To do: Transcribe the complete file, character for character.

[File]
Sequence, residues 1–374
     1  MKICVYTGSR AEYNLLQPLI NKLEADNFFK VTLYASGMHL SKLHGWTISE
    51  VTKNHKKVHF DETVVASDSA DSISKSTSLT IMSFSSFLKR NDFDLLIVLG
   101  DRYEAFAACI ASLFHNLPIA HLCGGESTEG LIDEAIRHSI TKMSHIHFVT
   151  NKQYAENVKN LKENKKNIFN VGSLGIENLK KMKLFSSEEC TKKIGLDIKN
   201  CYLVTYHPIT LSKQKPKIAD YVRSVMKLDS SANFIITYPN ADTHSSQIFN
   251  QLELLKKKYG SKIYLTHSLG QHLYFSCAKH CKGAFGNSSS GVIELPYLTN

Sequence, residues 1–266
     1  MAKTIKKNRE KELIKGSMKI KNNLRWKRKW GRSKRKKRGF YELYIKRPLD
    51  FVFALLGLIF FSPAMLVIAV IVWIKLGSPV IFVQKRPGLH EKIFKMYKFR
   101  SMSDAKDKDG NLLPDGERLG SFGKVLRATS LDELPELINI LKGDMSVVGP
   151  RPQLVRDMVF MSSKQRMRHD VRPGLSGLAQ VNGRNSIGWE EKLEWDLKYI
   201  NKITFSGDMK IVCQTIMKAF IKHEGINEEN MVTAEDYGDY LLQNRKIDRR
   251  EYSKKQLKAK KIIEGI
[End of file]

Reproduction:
Sequence, residues 1–374
     1  MKICVYTGSR AEYNLLQPLI NKLEADNFFK VTLYASGMHL SKLHGWTISE
    51  VTKNHKKVHF DETVVASDSA DSISKSTSLT IMSFSSFLKR NDFDLLIVLG
   101  DRYEAFAACI ASLFHNLPIA HLCGGESTEG LIDEAIRHSI TKMSHIHFVT
   151  NKQYAENVKN LKENKKNIFN VGSLGIENLK KMKLFSSEEC TKKIGLDIKN
   201  CYLVTYHPIT LSKQKPKIAD YVRSVMKLDS SANFIITYPN ADTHSSQIFN
   251  QLELLKKKYG SKIYLTHSLG QHLYFSCAKH CKGAFGNSSS GVIELPYLTN

Sequence, residues 1–266
     1  MAKTIKKNRE KELIKGSMKI KNNLRWKRKW GRSKRKKRGF YELYIKRPLD
    51  FVFALLGLIF FSPAMLVIAV IVWIKLGSPV IFVQKRPGLH EKIFKMYKFR
   101  SMSDAKDKDG NLLPDGERLG SFGKVLRATS LDELPELINI LKGDMSVVGP
   151  RPQLVRDMVF MSSKQRMRHD VRPGLSGLAQ VNGRNSIGWE EKLEWDLKYI
   201  NKITFSGDMK IVCQTIMKAF IKHEGINEEN MVTAEDYGDY LLQNRKIDRR
   251  EYSKKQLKAK KIIEGI